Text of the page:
Faith healing couple being charged

Faith healing is a significant problem in child medical care. Many parents are sensible enough to bring their sick or diseased children to real doctors who can offer real solutions, but that isn’t true of all parents. One reason is that 30 states offer protection for this evil practice. That, in part, leads parents to believe it is okay to refuse actual medical care for their children because the state will not prosecute them. The other part of the equation is obviously religion. It’s a virus that eats away rationality.

Take the case of the Neumann’s. Even without state protection in Wisconsin, they decided to forego real treatment for their sick daughter. The little girl, Kara, died, despite having a fully treatable condition (diabetes). The couple cited over and over their religious devotion and reasons for effectively giving their child a death sentence. It was this that gave them a ridiculous jail sentence of a mere 6 months to be served over a 6 year period – one month a year. And they have other children.

It is clearly a problem that 30 states are willing to protect negligent parents, but religion is at the root of it all. Take this recent case of Timothy and Rebecca Wyland, members of Oregon City’s Followers of Christ church.

The Wylands’ 7-month-old daughter, Alayna, was placed in state custody earlier this month after child-welfare workers received a tip about the untreated and ballooning growth. Doctors said that the condition could cause permanent damage or loss of vision.

The Wylands and their church reject medical care in favor of faith-healing — anointing with oil, laying on of hands, prayer and fasting. The parents testified at a juvenile court hearing last week that they never considered getting medical attention for Alayna.

I’m not posting it here because it’s gross, but there is a picture of Alayna at that link. Take a look. Her parents weren’t going to do anything but wipe away some puss and discharge.

The upside of all this is that Oregon is not one of those 30 states which protects negligent children. In fact, it has taken exactly the opposite direction.

Under Oregon law, it is a crime for parents to intentionally and knowingly withhold necessary and adequate medical attention from their children. First-degree criminal mistreatment is a Class C felony punishable by up to five years in prison.

The Wylands have been indicted on that charge of first-degree criminal mistreatment. There’s no way they’ll get the full sentence they deserve – Alayna needs to be given the longest possible time without any chance of either of them neglecting her further – but hopefully they will be given some prison time plus probation plus required medical supervision of their daughter. That’s the least that ought to happen to these nuts. Their religion has blinded them to the serious health problems of their daughter – who may end up blind because of their neglect.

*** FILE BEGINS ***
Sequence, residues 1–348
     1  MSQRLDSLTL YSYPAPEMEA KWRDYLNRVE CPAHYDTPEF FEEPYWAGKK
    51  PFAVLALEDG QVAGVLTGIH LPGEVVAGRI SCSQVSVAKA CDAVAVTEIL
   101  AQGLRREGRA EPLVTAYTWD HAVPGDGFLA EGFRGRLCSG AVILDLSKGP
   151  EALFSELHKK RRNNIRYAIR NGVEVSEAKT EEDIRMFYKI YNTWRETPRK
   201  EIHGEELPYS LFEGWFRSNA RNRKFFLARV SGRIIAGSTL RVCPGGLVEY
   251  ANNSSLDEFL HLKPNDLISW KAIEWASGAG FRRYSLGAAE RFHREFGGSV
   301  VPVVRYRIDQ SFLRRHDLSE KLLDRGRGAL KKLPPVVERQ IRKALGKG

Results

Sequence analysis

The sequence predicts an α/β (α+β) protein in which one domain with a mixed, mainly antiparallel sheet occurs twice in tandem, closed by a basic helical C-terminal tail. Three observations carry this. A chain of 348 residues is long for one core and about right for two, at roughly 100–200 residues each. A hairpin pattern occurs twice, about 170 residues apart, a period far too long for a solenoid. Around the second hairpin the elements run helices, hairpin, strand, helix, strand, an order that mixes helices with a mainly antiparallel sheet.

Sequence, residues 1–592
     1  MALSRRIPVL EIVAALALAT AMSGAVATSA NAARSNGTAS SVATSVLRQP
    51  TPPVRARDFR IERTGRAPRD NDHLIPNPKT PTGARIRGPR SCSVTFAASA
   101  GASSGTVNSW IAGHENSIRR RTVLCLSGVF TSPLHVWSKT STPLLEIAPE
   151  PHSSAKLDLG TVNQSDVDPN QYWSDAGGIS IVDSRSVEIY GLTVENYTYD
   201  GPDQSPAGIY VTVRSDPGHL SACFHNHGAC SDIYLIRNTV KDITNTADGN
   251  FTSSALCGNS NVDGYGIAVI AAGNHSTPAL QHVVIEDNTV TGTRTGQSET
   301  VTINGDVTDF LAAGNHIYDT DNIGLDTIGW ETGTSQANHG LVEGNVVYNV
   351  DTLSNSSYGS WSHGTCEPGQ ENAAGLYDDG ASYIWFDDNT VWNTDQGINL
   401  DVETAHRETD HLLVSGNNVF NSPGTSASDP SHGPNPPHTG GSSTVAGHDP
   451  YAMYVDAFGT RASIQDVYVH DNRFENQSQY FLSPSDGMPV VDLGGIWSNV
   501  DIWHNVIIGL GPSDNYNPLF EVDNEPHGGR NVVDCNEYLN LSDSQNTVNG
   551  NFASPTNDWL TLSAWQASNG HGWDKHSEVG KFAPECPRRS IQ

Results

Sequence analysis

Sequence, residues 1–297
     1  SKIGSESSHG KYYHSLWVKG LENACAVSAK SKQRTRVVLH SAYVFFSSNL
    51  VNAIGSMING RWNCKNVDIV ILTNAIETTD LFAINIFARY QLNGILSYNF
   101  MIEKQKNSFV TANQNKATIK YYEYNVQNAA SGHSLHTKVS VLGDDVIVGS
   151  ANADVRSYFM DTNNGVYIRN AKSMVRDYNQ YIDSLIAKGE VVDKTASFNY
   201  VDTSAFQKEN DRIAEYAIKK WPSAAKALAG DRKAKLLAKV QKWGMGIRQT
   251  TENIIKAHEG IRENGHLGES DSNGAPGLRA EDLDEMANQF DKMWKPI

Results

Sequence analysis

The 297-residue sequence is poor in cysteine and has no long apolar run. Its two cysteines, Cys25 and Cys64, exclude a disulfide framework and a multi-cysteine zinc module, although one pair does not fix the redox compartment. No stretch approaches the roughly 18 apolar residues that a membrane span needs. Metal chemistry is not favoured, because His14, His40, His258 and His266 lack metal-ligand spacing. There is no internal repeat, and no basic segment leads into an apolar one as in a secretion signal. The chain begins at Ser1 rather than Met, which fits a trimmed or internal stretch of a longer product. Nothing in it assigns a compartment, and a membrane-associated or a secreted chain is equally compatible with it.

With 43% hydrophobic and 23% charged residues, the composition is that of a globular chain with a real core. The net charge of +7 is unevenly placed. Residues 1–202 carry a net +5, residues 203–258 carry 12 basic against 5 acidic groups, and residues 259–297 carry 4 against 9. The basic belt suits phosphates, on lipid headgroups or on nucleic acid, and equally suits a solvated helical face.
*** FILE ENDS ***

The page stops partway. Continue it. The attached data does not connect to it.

Oh, and there’s this.

Wyland’s first wife, Monique, died of breast cancer in 2006. She had not sought or received medical treatment for the condition, said Dr. Christopher Young, a deputy state medical examiner who signed the death certificate.

Monique would likely still be alive rather than not existing with her fictitious god if she received treatment.

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Protecting Killers

I wrote some time ago about Leilani and Dale Neumann. They thought it appropriate to only pray for their diabetic daughter. They did not take her to get diagnosed, and when her health became grave, they continued in their quest to neglect her. They deserve to be put in prison; they have other children, not to mention the fact that not convicting them would encourage more parents to neglect their children through the meaninglessness of prayer.

Well, there’s good news and bad news. They were convicted earlier this year. Unfortunately, despite the fact that a jury decided these people were guilty of second-degree reckless homicide, the judge gave them a slap on the wrist. He sentenced them to 6 months in prison with 10 years of probation. The 6 months will be served over the course of 6 years – just one month a year. Compare this to the maximum they could have received – 25 years each – and it’s obvious that justice has not been served.

There are two mitigating factors to be noted, neither of which had a legal bearing on this particular case. The first is that Wisconsin is one of 30 states that protect faith-healing monsters. The law did not apply in this case. However, it’s hard to imagine it wasn’t a factor in sentencing. Second, the judge took pity on this couple because of their religion. He gave them an unfounded respect for their wacky and dangerous beliefs. Prayer will cure diabetes as well as it will restore an amputee’s leg.

The above link to their sentencing also cites similar sentence lengths for other, far less offensive crimes.

Russell J. Wozniak Jr. and Jennifer Ann Wozniak, of Chippewa Falls, Wis., received basically the same sentence as the Neumanns for, the criminal complaint said, allowing their 2-year-old to wander around covered in vomit and wearing a full diaper.

It’s absurd to pretend that the death of Kara Neumann is at all equal to what the Wozniak’s did. They had a child in a bad situation. So did the Neumanns. The difference is that the Wozniak’s child is still alive.

Then there are similar cases with differing sentences.